Who pushed Arunachal Pradesh into a constitutional crisis?
As usual, media punditry, a curious mix of facts and fiction, personal political bias and a selective reading of available material, offers no clear answer. At the most basic level though, if Chief Minister Nabam Tuki failed to keep his flock together and the rebels rushed into the waiting arms of the BJP, it has to be his fault. The only option for him after losing the numbers is to step down gracefully.
However, the matter does not appear as uncomplicated if you factor in several decisions made by Governor Jyoti Prakash Rajkhowa.
These raise critical questions: Why did he advance the Assembly session from 14 January to 16 December? Was he within his constitutional mandate while summoning the Assembly without the aid and advice of the chief minister and his council of ministers? How can he have a say on the constitution of the House? These will, of course, be examined by the court. However, the real big question is: Is he indulging in political games at the behest of the RSS-BJP as has been alleged by the Congress? If that indeed is the case, then the role of the RSS in political matters of the country needs deeper scrutiny.
The Sangh would love to identify itself as a nationalist socio-cultural organisation, however, recent developments suggest it has hugely expanded its role in politics. If there’s a joke going around in political circles that Prime Minister Narendra Modi is only the foreign minister of the country and that domestic matters are controlled by the RSS, it is not without basis. Almost all the governors appointed by the Modi government so far, are linked to the Sangh or believers in its ideology.
This is equally true of chief ministers such as Haryana's Manohar Lal Khattar. It is no secret that the RSS is fighting a political battle against the Congress and the Left through several of its arms.
The Parivar will, of course, deny all this. But look at some recent statements, on social media and otherwise, of some governors and you'll quickly get the connection.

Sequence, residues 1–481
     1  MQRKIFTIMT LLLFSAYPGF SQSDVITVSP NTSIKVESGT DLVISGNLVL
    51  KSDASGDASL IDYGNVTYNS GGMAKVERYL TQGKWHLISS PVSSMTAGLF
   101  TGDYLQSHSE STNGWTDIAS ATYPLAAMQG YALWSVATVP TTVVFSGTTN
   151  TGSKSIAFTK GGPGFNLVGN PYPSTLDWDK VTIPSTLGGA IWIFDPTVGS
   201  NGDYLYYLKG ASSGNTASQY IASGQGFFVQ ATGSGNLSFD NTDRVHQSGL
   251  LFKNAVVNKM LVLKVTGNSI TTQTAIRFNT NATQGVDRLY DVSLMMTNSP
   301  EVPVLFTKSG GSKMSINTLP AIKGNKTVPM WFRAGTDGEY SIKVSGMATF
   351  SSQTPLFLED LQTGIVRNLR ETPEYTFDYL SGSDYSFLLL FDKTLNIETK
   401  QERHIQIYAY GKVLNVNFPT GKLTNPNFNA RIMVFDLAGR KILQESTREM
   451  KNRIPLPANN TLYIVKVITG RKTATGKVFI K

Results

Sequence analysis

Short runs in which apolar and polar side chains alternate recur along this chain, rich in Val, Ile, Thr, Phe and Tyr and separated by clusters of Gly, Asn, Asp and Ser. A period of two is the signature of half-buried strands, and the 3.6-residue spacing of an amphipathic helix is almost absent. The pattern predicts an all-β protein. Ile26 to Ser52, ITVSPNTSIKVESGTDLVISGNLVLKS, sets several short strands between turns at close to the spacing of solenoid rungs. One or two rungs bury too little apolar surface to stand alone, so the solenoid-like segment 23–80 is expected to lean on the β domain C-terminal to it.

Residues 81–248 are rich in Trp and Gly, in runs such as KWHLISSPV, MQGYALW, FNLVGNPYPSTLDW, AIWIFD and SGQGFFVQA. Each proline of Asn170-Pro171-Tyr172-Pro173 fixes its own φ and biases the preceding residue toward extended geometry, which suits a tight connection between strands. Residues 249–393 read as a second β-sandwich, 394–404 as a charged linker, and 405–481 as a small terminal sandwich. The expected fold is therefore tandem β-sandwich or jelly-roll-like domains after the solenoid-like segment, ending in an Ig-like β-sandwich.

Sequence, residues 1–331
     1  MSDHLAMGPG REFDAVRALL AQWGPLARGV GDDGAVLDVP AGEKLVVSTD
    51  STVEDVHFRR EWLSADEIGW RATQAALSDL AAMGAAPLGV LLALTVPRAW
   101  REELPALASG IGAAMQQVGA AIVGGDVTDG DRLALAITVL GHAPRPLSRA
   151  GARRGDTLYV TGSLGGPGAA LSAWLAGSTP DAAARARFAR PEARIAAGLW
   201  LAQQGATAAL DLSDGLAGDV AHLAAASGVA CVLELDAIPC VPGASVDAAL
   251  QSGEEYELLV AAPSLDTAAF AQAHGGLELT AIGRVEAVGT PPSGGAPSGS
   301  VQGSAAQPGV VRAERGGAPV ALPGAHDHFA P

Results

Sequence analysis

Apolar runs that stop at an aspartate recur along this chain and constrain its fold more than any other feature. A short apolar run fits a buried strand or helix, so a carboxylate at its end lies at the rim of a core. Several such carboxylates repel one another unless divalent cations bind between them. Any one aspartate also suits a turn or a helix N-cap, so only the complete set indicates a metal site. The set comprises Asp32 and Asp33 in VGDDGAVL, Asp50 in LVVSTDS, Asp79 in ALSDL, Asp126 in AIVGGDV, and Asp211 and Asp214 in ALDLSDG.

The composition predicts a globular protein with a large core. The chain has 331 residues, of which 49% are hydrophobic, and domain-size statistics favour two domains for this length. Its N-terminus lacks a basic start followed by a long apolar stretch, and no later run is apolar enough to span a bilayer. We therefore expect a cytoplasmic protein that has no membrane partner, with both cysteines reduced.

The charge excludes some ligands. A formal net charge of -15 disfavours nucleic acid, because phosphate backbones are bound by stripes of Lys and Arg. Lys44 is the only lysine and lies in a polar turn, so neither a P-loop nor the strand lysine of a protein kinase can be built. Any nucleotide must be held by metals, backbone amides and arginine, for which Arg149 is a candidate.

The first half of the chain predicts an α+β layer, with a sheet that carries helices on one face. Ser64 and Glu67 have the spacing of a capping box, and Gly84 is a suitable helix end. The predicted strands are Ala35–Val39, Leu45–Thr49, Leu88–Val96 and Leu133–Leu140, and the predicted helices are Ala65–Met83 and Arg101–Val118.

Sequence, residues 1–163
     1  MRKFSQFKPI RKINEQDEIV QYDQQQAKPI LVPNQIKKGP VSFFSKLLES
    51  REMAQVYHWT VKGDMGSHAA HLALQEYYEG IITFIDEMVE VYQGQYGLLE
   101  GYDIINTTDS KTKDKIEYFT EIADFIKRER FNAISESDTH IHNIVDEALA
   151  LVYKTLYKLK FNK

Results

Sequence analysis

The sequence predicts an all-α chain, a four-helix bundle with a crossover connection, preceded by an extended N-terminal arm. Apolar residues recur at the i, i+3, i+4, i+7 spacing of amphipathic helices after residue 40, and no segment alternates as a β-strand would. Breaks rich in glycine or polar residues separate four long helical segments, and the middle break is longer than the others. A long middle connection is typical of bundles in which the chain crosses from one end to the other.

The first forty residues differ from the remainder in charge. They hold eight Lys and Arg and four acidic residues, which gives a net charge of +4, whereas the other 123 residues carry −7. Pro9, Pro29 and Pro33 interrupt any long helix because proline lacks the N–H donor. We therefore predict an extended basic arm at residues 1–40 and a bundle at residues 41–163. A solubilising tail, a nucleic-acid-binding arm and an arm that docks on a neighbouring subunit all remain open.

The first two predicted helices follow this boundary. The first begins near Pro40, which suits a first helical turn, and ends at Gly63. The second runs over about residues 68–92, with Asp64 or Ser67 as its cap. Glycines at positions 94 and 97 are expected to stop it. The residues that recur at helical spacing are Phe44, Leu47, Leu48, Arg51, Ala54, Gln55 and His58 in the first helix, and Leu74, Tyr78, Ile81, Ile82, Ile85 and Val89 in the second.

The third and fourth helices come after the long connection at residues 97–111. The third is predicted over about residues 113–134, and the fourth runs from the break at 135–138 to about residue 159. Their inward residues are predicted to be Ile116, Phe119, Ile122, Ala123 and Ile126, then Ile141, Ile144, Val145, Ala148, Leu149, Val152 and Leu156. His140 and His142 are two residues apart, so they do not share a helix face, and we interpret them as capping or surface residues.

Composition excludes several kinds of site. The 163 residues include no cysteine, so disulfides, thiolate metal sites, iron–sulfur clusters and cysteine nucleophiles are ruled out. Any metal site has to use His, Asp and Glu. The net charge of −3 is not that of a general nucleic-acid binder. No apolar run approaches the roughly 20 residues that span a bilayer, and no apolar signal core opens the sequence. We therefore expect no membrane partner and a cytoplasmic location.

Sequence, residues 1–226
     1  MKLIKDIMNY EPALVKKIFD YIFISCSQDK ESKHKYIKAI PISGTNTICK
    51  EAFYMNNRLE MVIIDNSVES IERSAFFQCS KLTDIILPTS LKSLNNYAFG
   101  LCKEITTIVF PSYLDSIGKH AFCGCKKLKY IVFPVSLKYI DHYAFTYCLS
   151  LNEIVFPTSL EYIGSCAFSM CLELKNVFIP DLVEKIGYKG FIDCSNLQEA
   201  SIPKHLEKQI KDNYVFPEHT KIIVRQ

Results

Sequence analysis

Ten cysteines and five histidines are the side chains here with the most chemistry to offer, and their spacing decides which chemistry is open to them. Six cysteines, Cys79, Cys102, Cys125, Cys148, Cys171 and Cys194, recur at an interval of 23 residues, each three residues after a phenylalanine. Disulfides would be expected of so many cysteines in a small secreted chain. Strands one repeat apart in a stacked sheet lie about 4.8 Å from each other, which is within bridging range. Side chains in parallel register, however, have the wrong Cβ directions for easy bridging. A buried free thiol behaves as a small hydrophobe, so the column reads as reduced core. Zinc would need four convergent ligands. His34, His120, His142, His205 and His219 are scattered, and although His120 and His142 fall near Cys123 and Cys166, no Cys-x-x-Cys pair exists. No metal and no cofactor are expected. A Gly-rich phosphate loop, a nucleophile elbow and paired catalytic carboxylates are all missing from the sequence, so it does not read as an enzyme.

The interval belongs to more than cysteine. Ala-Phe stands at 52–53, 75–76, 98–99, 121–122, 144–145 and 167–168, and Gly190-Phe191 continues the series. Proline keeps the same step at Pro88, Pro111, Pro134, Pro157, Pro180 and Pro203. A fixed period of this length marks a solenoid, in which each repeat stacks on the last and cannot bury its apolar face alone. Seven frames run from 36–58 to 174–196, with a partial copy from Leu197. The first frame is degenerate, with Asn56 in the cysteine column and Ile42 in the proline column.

Tripura’s governor Tathagat Roy, who has not been exactly shy of flaunting his hyper-Hindutva credentials and ‘Swayamsevak’ background, courted controversy when he tweeted that people present at Yakub Memon’s funeral were ‘potential terrorists’:
Governors ought to be concerned abt security of state. Intelligence keeping tab on Yakub's mourners is preventing terror. Better than cure
— Tathagata Roy (@tathagata2) July 31, 2015
Later, he tweeted:
@aruns_nambiar Whatever gave you the notion that I am secular? I am Hindu! My state,India,however is secular-since 1976
— Tathagata Roy (@tathagata2) September 7, 2015
He said he was misinterpreted.
Assam Governor PB Acharya courted controversy when he allegedly remarked ‘Hindustan is for Hindus’. He claimed he was misquoted, but got embroiled in another controversy when he said Indian Muslims were free to go anywhere. “They can stay here (in India). If they want to go to Bangladesh or Pakistan, they are free to go...” It is possible they were quoted selectively, however, the fact that they raised topics close to the Parivar’s heart conveys a lot.
Similar is the case of Vajubhai R Vala, Karnataka governor, who recently advised students in Mysuru to give up lipstick and fancy clothes, as they were coming to colleges for studies and not for beauty contests. It was not taken kindly by activists and women groups, even though it was meant in good humour. Such statements reflect the mindset associated with the Sangh.
The point is that while the governors are appointed on the basis of affiliation to the Sangh and are making political-ideological statements openly, what stops the RSS from coming out and clearly saying yes, we are a political organisation with a well-defined political goal? That would simplify a lot of matters in Indian politics. For example, it would make clear whether the BJP and the RSS think alike on policy and other matters or they are just deliberately confusing people by talking in different voices? Or whether the Sangh and the BJP support the activities of all elements of the Hindutva fraternity? Both have been running with hare and hunting with the hounds for long.
The arrangement of convenience would end if the Sangh made its role in politics public.
It cannot go on claiming it a socio-cultural organisation when most of its activities are political in nature by implication. Perhaps it’s time someone asked it to end its double standards. It’s good for the RSS too, since it won’t be accused time and again for indulging in acts of political subterfuge and machinations, like in Arunachal Pradesh. It has denied any role but not many in the political circles are prepared to buy this denial.